Linda and Garry McDouall may have moved off farm, but their busy new town life is more challenging and rewarding than they could possibly have imagined.

If Linda McDouall has her way, in the not-too-distant future all the verges of her home town of Bingara in north-western NSW will have strawberries growing on them. If her own garden at the River House, the home overlooking the Gwydir River she shares with her husband, Garry, and a passing parade of guests is anything to go by, she’s well on her way to achieving her ambition.

The strawberry project is all part of a grand vision the McDoualls have for Bingara, population around 1200, a service town for the surrounding farming community in the New England region. Sustainability is at the core of everything Linda and Garry set out to achieve, and the village verges are just a small aspect of a bigger picture. Zoom out a bit to their home garden, where Linda has created what she calls a food forest where they intend to grow more than 300 varieties of edible plants, all without chemicals or artificial fertilisers. Pan wider and an even more ambitious project named the Living Classroom comes into focus. The classroom is the transformation of the former town common, a degraded 150-hectare block on the outskirts of Bingara that they intend to turn into a showpiece for regenerative farming.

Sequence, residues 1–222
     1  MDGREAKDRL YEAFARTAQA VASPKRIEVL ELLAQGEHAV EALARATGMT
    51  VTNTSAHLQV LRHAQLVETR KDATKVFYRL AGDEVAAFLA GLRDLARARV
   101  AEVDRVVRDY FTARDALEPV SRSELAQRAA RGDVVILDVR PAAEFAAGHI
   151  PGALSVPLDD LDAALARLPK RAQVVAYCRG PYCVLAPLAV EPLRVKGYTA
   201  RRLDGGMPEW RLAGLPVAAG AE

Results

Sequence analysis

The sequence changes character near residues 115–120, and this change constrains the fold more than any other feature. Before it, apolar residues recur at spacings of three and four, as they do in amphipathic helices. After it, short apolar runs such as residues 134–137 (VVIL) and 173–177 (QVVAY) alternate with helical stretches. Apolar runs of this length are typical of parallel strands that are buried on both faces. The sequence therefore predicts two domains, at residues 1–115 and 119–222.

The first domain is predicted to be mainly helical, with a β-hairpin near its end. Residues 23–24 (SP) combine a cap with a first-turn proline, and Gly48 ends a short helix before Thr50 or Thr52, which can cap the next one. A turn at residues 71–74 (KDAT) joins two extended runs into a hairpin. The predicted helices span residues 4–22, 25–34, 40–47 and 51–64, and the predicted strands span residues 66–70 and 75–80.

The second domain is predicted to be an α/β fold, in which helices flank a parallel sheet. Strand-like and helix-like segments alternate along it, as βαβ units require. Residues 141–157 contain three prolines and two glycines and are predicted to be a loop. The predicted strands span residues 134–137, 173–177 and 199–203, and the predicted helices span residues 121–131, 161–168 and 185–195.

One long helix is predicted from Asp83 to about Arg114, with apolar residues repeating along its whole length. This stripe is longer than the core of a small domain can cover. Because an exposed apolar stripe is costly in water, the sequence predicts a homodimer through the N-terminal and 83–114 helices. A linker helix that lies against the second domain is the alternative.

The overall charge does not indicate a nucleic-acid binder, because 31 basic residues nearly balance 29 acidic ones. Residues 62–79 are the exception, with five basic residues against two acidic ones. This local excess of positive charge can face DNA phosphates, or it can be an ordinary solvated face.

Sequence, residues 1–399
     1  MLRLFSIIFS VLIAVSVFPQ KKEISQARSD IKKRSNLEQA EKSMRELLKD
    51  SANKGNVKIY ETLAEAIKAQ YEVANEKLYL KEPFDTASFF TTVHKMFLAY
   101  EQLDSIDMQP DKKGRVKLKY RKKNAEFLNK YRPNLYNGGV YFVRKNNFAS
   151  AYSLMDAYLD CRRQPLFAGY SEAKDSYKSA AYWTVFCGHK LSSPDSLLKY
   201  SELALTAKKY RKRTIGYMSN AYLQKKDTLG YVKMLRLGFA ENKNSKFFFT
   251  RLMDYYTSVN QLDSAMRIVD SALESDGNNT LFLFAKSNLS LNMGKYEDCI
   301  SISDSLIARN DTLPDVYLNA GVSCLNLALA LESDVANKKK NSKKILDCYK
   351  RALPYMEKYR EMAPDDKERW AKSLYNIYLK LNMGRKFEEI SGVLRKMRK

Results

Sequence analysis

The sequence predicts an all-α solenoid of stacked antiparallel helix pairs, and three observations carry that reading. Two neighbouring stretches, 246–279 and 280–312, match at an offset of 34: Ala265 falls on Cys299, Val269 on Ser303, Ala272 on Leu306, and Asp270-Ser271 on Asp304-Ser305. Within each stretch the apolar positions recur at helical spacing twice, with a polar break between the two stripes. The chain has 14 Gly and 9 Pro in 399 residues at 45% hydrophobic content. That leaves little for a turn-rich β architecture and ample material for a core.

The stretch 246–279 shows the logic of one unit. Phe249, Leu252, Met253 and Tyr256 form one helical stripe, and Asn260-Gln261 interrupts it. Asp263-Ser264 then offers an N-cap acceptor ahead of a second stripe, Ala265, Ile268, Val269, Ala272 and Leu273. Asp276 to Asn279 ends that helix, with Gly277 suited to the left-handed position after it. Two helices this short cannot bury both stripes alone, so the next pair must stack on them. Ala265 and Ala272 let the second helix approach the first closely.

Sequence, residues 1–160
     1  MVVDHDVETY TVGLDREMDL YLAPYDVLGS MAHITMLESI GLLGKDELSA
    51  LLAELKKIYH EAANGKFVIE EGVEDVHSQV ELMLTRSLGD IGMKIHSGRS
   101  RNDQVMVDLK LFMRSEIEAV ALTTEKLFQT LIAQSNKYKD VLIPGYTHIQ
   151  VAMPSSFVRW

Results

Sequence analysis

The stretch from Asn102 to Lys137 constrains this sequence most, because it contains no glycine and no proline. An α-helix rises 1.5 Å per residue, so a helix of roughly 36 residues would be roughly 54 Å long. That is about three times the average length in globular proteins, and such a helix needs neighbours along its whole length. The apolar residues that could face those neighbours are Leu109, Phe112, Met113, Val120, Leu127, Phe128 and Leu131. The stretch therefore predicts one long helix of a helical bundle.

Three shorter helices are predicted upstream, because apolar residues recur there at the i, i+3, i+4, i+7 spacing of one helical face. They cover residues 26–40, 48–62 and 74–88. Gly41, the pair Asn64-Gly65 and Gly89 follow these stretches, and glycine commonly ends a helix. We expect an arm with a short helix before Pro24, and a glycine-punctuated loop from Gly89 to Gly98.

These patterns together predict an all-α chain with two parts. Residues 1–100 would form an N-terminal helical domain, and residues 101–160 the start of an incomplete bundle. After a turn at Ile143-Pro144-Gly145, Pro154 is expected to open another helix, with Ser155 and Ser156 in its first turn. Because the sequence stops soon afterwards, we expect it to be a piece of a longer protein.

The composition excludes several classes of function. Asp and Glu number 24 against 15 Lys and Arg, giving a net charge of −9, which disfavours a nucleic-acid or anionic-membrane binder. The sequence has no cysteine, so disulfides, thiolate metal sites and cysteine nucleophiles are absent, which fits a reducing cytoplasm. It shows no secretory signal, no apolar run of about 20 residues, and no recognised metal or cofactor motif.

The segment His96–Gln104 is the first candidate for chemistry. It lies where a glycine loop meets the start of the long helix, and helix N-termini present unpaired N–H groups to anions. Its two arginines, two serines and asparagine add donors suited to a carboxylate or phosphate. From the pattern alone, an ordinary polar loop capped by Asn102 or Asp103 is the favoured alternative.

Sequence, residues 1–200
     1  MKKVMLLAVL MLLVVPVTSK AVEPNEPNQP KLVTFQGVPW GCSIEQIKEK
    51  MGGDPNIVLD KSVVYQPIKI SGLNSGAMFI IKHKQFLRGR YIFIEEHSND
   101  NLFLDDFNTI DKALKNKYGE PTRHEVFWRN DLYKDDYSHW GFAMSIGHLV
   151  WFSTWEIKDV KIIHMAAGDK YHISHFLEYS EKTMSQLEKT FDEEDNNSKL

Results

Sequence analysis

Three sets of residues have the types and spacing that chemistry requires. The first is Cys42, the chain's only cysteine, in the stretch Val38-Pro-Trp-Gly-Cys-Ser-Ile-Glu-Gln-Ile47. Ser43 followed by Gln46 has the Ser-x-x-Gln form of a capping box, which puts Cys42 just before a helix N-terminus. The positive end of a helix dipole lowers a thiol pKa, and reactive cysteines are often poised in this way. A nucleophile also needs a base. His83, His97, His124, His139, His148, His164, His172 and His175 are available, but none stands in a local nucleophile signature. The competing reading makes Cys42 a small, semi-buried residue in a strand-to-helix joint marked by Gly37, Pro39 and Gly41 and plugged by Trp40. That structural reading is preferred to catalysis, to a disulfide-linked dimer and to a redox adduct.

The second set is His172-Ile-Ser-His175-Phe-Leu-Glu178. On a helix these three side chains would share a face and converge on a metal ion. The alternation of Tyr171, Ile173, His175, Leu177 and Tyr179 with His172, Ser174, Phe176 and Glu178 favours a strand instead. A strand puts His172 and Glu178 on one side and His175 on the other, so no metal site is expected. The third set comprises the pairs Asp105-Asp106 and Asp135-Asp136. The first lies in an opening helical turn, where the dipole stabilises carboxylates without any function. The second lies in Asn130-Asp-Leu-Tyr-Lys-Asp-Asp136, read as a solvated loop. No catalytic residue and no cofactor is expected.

It wasn’t always thus. Garry’s family had farmed around Bingara for generations though he cheerfully admits when he left the district to go to boarding school at the age of 10, he had no intention of ever returning. A career as a corporate and advisory consultant in Sydney and London followed, and it wasn’t until well after he married psychologist Linda and they were enjoying a skiing holiday with their young family that they both realised they wanted “out” of the city. They upped stakes in 1984, and moved back to Bingara where they farmed beef cattle 27 kilometres out of town.


The full story was originally published in the May 2016  issue of Australian Country. Subscribe to the magazine here.

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Words Kirsty McKenzie
Photography Ken Brass